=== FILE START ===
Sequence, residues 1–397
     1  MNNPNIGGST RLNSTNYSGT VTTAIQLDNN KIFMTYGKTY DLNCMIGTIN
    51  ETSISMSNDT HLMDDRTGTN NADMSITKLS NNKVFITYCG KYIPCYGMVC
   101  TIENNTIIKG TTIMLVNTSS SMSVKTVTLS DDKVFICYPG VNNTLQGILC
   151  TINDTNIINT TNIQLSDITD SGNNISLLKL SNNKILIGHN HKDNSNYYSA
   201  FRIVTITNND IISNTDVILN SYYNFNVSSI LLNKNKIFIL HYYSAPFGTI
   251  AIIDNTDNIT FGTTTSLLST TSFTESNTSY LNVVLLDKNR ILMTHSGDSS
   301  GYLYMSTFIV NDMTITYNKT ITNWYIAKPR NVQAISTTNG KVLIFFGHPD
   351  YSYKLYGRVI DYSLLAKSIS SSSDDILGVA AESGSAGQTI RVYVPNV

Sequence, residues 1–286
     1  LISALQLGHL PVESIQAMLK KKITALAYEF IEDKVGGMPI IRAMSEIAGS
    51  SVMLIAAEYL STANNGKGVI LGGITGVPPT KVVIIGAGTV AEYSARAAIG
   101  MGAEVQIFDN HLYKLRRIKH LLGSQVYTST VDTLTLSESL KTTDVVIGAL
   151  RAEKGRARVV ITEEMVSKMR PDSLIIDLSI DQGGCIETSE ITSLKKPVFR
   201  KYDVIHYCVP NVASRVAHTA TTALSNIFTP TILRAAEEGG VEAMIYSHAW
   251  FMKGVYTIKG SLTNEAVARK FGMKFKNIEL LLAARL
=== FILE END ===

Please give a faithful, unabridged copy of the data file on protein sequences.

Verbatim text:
Sequence, residues 1–397
     1  MNNPNIGGST RLNSTNYSGT VTTAIQLDNN KIFMTYGKTY DLNCMIGTIN
    51  ETSISMSNDT HLMDDRTGTN NADMSITKLS NNKVFITYCG KYIPCYGMVC
   101  TIENNTIIKG TTIMLVNTSS SMSVKTVTLS DDKVFICYPG VNNTLQGILC
   151  TINDTNIINT TNIQLSDITD SGNNISLLKL SNNKILIGHN HKDNSNYYSA
   201  FRIVTITNND IISNTDVILN SYYNFNVSSI LLNKNKIFIL HYYSAPFGTI
   251  AIIDNTDNIT FGTTTSLLST TSFTESNTSY LNVVLLDKNR ILMTHSGDSS
   301  GYLYMSTFIV NDMTITYNKT ITNWYIAKPR NVQAISTTNG KVLIFFGHPD
   351  YSYKLYGRVI DYSLLAKSIS SSSDDILGVA AESGSAGQTI RVYVPNV

Sequence, residues 1–286
     1  LISALQLGHL PVESIQAMLK KKITALAYEF IEDKVGGMPI IRAMSEIAGS
    51  SVMLIAAEYL STANNGKGVI LGGITGVPPT KVVIIGAGTV AEYSARAAIG
   101  MGAEVQIFDN HLYKLRRIKH LLGSQVYTST VDTLTLSESL KTTDVVIGAL
   151  RAEKGRARVV ITEEMVSKMR PDSLIIDLSI DQGGCIETSE ITSLKKPVFR
   201  KYDVIHYCVP NVASRVAHTA TTALSNIFTP TILRAAEEGG VEAMIYSHAW
   251  FMKGVYTIKG SLTNEAVARK FGMKFKNIEL LLAARL